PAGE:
Sami Al-Arrogant and Judy Genshafted

What’s a president to do? If you’re Judy Genshaft, a Hobson’s choice would be a major upgrade.

Right now she is one half of what must be the oddest couple this side of Michael and Linda Kantaras. The futures of the Jewish University of South Florida president and Sami Al-Arian, the Palestinian professor she fired, are that inextricably linked. The ultimate result of their emotionally wrenching, tenure-testing, academic freedom-foreboding tug of war is that traumatic — and that important.

Whatever the outcome of the Punch Judy Show, USF’s president appears Genshafted. Hers seems a lose-lose scenario, whether or not she affirms her decision to jettison the controversial Al-Arian, the computer science instructor with the flair for fearful oratory and friends in all the wrong Islamic places.

If she maintains her stand, she incurs the wrath and some form of a no-confidence vote from the USF Faculty Union and assorted, Ivory Tower hand wringers. There’s also a possible Scarlet C for USF, courtesy of the censure-wielding American Association of University Professors, who will be sniffing around campus next month. USF already has received a letter of rebuke from the Foundation of Individual Freedoms in Education.

Then there’s the piling on by the liberal media.

All those Chicken Little follow-up stories by the usual decry babies, including Time magazine, CBS TV’s 48 Hours and Dateline NBC. The Chronicle of Higher Education , which recently ran a “Blaming The Victim?” cover story with Al-Arian’s photo, is tracking this one as closely as the American Civil Liberties Union, Al Sharpton, The St. Petersburg Times and The Weekly Planet are.

Should Genshaft reverse course, it will put her at odds with the governor and her own board of trustees, as well as a lot of students, most of the public, many ongoing and would-be benefactors and likely her own conscience.

And here Genshaft, 54, thought the implosion of the Board of Regents, the flap over USF St. Petersburg, the “art” of Derek Washington, the loss of New College and a baker’s dozen racial discrimination suits in the women’s basketball program were about as daunting as her challenges would get. Not even close.

At this point, her year-and-a-half-old presidency must seem like a life sentence at hard-to-fathom labor. You don’t have to be a flaming Zionist to prefer that the door hit Al-Arrogant in the ass on the way out.

However, there may yet be some crawl space between the Devil of firing a tenured professor, taking on academic freedom and risking academic censure and the deep blue sea of not doing what, in her heart of hearts, she feels is best for USF.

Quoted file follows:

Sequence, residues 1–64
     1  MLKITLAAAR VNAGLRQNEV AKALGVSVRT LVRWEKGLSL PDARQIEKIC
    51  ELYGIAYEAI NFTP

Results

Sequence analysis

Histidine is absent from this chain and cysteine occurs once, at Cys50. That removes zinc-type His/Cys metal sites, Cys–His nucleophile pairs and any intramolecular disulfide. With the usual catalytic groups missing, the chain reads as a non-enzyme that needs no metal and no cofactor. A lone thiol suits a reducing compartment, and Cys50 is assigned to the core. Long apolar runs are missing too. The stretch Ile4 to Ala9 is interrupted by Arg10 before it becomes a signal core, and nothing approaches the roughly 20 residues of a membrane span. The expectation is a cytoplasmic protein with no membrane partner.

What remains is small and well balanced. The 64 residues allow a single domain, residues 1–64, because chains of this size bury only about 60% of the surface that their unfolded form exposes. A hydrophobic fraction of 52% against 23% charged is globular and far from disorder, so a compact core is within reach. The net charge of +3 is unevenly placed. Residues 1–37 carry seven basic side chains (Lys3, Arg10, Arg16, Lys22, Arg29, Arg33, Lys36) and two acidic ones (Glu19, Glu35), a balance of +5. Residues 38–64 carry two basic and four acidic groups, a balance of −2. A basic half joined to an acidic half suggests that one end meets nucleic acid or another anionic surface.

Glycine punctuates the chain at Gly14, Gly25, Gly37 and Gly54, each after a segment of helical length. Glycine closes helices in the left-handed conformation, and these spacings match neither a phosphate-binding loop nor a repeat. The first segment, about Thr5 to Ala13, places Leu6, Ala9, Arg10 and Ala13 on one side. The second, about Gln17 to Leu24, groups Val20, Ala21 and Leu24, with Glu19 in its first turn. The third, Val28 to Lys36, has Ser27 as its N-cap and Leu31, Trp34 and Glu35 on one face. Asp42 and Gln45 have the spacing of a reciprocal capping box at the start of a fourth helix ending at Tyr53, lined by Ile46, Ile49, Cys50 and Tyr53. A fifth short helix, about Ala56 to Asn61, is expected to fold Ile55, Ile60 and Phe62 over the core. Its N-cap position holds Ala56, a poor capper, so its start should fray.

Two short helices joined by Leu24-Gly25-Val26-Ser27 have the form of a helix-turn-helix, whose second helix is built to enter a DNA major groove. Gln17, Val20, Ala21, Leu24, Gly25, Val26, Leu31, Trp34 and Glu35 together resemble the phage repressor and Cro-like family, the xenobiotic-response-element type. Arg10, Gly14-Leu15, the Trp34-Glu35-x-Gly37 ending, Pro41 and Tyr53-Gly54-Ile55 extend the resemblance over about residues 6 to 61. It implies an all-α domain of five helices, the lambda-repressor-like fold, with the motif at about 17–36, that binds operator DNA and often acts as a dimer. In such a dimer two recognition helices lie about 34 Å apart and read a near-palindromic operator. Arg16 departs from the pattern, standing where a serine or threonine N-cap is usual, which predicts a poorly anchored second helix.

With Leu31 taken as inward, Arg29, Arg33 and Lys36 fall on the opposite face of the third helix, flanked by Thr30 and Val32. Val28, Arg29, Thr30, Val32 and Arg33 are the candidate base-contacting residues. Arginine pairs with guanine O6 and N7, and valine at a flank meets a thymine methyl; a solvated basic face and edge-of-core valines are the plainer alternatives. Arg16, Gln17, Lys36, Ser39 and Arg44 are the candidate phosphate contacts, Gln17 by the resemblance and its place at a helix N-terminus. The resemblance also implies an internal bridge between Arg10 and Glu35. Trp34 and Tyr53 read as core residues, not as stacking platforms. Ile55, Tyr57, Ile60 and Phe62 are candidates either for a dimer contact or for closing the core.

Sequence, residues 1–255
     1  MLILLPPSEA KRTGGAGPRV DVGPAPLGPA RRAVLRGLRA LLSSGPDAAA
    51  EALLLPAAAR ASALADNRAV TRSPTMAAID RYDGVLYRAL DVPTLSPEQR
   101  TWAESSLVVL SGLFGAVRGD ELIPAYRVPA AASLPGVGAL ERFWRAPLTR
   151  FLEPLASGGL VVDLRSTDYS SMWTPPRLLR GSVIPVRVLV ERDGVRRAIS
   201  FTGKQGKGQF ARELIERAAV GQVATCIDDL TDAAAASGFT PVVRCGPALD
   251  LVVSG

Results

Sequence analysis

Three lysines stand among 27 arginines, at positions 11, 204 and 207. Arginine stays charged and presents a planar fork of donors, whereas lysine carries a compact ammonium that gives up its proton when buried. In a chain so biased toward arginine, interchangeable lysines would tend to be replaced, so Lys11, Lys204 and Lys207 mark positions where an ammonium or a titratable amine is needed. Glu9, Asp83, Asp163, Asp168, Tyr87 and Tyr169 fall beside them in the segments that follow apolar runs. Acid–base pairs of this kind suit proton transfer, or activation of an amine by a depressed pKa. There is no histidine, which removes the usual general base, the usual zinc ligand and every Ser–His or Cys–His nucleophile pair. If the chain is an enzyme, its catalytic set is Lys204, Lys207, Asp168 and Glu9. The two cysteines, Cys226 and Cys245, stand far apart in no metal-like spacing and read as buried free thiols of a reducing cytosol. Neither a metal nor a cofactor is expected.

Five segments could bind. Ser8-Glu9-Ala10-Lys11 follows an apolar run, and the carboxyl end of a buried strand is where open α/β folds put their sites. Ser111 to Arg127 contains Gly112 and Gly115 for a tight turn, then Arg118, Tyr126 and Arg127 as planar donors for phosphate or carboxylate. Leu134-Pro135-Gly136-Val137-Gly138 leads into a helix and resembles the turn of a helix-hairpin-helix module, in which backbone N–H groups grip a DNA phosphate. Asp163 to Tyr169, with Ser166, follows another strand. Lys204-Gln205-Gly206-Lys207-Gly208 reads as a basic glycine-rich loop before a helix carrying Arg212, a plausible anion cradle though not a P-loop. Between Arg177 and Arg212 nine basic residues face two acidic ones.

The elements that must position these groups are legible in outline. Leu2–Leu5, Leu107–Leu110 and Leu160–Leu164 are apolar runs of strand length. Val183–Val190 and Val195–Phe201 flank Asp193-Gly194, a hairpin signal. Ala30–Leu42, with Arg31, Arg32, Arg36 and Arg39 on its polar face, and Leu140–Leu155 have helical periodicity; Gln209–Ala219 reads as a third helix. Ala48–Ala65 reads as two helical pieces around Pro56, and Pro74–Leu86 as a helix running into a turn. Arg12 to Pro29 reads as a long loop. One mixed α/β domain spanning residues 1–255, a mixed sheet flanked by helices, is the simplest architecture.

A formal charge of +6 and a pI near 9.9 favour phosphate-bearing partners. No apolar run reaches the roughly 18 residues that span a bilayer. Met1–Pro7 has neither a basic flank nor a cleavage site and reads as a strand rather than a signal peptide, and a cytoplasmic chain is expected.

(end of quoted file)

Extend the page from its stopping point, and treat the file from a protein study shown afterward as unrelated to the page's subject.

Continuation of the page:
She could say the following (although it should have be said as soon as the post- O’Reilly Factor firestorm erupted): “We’re firing Professor Sami Al-Arian; in effect, doing what should have been done years ago.

“We are, however, not firing him because he’s a source of national embarrassment, an impediment to recruiting and fund-raising and a frustrating, annoying distraction from the business of educating students, although he is all of that. And we are not firing him because his presence presents an ongoing threat. We’ve had crank calls before, and the cranks won’t win this time either.

“We are not firing him because in the post-Sept. 11 period, his political beliefs have never been more unpopular. No, this university will hold its collective nose — as FSU did with discredited, racist psychologist Glayde Whitney — and not fire him for his outspokenly incendiary ways. Words, of course, have consequences, but “Death-to-Israel”-type rhetoric, however inflammatory, is not tantamount to “Fire!” in a crowded lecture hall.

“And we are not firing him because he didn’t sufficiently distance himself from the university in his public remarks or trespass on campus. And while safety is not a red herring issue, I believe we can reasonably safeguard this campus without turning it into an armed camp.

“Moreover, what an unfair precedent it would be to, in effect, hold someone responsible for other people’s overreactions. We are not about to hold Al-Arian hostage to such overreactive behavior.

“We are fair; but we’re not derelict of duty and responsibility.”

“No, the precedent we wish to set is this: ‘If you sponsor, hire and help fundraise for terrorists and their proxies, you will be fired.’ Every time.

“And he has been. Finally. And he will stay fired.”

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